determining whether a mobile device seeks to backup information;
determining if the mobile device is a trusted device; and
receiving backup information from the mobile device; and
storing the received backup information in the partner device.
39. The machine-readable medium of 38 further comprising:
transferring backup information from the partner device to another partner device.
40. The machine-readable medium of 38 further comprising:
sending index information about the backup information to a centralized server.
41. A machine-readable medium comprising instructions executable by a processor on a centralized server for indexing backup information of one or more mobile devices, which when executed by a processor, causes the processor to perform operations comprising
obtaining index information associated with distributed backups stored in one or more partner devices; and
maintaining an index of backup information associated with a particular mobile device.
42. The machine-readable medium of 41 further comprising:
obtaining the backup information from the one or more partner devices to reconstruct the information of a mobile device;
determining whether there are duplicate versions of the backup information on the one or more partner devices; and
if there are duplicate versions of the backup information then informing the partner device with the oldest version of the backup information that it can be deleted.
Description
BACKGROUND

1. Field

The present invention generally relates to backup systems for mobile devices, and more specifically providing a distributed and transparent way of backing-up content from a mobile device to other devices.

2. Background

Mobile devices, such as cellular/mobile telephones, personal digital assistants (PDA), pagers, mobile computers, etc., are widely used for many types of applications that store information on the mobile devices. For example, mobile phones may store contact information (e.g., phone numbers, addresses, etc.), text messages, pictures, and other types of information. As a result of their expanding capabilities and features, users have become dependent on such mobile devices as part of their daily lives and/or business. Whether it be contact information, pictures, electronic files, electronic mail, or other types of information, the information stored in such mobile devices has become increasingly important to users. Thus, it has become increasingly important to backup such information to minimize losses and inconveniences in case the mobile device is lost, stolen, or malfunctions.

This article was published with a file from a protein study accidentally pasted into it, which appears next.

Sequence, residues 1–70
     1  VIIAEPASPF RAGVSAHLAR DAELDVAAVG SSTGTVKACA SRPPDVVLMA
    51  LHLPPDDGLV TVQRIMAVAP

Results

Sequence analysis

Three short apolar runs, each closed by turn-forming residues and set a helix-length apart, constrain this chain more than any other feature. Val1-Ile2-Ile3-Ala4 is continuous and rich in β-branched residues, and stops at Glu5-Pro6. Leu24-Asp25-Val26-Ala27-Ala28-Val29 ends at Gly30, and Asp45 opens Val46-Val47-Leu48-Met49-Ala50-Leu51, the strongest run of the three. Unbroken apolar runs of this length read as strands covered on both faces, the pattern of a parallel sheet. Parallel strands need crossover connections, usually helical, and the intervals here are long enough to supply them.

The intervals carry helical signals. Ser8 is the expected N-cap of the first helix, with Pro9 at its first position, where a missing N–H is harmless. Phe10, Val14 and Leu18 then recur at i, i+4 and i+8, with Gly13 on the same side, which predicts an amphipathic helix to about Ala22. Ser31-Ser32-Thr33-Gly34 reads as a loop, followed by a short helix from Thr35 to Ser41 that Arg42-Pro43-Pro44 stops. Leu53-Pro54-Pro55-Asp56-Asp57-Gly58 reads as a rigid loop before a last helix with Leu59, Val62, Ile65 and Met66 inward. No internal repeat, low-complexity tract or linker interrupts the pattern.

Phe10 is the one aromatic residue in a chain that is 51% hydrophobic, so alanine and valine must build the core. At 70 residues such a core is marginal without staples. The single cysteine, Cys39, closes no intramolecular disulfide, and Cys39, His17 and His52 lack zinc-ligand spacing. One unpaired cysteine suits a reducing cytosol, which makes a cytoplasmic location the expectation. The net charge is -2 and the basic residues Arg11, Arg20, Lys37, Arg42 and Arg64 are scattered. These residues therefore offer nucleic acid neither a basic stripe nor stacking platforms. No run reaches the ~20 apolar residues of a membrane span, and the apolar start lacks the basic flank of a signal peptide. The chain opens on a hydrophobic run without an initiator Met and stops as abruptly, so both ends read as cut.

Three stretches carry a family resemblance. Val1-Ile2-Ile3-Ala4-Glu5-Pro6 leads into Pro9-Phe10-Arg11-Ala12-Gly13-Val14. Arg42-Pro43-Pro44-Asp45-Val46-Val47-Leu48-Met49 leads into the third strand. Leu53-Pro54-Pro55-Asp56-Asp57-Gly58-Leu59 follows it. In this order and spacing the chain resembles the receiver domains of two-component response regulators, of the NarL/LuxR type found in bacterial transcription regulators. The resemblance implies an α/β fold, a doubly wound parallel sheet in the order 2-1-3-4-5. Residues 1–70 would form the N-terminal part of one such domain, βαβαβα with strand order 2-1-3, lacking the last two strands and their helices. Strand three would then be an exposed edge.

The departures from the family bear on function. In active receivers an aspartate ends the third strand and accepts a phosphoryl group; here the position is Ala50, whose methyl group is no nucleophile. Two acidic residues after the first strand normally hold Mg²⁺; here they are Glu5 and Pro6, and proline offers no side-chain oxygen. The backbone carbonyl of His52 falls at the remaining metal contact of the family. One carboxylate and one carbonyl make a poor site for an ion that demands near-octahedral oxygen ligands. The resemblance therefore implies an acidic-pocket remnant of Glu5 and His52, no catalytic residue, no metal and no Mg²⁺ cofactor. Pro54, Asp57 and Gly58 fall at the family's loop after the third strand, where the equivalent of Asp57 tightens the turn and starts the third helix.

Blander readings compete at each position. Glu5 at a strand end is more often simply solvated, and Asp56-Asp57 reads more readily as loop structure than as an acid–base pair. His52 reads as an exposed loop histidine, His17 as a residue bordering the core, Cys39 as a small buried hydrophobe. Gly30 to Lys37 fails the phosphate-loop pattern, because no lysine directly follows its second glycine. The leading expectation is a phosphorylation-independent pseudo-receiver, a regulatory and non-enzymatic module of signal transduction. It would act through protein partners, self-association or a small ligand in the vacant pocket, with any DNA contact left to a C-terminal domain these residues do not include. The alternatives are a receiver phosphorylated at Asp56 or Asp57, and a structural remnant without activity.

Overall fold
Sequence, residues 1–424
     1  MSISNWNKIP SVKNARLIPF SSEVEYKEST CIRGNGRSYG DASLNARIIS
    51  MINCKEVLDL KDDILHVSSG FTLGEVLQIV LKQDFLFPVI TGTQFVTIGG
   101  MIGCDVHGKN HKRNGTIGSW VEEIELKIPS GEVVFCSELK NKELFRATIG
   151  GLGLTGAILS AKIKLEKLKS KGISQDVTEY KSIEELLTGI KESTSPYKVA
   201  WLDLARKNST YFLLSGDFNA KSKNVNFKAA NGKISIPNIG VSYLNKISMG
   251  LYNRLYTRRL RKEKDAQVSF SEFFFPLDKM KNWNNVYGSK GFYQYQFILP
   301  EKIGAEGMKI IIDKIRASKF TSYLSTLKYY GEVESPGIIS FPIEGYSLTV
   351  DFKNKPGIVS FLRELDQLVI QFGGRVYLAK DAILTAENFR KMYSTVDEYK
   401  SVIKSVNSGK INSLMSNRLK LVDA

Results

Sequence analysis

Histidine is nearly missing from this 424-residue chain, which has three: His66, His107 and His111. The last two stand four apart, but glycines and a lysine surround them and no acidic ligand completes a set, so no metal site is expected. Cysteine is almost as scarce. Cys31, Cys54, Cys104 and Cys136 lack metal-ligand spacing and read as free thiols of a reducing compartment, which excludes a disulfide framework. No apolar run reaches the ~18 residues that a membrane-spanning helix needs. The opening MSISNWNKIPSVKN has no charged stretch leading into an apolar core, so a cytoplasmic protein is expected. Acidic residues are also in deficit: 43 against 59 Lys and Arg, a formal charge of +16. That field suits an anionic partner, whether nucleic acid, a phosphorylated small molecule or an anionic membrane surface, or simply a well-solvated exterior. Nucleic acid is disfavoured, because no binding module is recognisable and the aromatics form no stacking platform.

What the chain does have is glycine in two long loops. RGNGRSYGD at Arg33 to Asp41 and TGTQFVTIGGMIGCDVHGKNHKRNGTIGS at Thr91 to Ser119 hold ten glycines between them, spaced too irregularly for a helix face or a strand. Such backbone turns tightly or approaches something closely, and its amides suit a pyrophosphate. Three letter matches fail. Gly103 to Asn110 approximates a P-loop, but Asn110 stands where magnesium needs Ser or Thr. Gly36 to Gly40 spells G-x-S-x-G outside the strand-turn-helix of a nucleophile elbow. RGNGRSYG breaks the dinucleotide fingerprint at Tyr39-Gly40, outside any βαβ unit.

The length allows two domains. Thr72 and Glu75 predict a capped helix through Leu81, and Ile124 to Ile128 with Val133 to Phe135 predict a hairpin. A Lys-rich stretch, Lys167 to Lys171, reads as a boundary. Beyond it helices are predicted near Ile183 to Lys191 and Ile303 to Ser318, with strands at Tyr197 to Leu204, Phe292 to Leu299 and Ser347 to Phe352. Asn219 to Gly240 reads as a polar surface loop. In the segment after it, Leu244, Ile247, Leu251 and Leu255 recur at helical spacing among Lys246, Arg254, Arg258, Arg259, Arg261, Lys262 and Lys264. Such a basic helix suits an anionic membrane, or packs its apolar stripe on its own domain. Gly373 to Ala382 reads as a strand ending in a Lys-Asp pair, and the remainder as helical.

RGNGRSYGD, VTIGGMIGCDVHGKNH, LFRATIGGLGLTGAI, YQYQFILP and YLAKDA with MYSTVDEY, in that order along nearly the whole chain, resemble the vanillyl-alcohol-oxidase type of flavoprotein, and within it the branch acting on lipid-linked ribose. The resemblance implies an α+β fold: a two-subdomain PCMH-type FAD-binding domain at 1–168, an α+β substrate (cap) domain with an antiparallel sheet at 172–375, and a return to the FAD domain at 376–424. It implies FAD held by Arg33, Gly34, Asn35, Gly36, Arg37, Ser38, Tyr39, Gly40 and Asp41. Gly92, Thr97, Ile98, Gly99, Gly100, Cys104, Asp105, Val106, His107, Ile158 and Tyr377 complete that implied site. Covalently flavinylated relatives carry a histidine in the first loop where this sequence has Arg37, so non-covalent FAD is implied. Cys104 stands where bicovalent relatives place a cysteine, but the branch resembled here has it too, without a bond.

However, backing up information from mobile devices is not an easy task. Many mobile devices, such as mobile phones, do not provide a convenient way to backup the information stored therein. Additionally, those mobile devices that provide backup mechanism often require that the mobile device be physically coupled to a computer and that the user initiate the backup procedure. This is at minimum inconvenient and relies on the user to remember to backup the information.

Additionally, with expanded features and capabilities, mobile devices often include significant storage capacity of several megabytes to hundreds of gigabytes. Backing up such large amount of information would require a significant amount of time, thereby inconveniencing a user even more. Even if a user decides to backup information from a mobile device, a significant amount of storage space may be needed from the user's computer to store such information.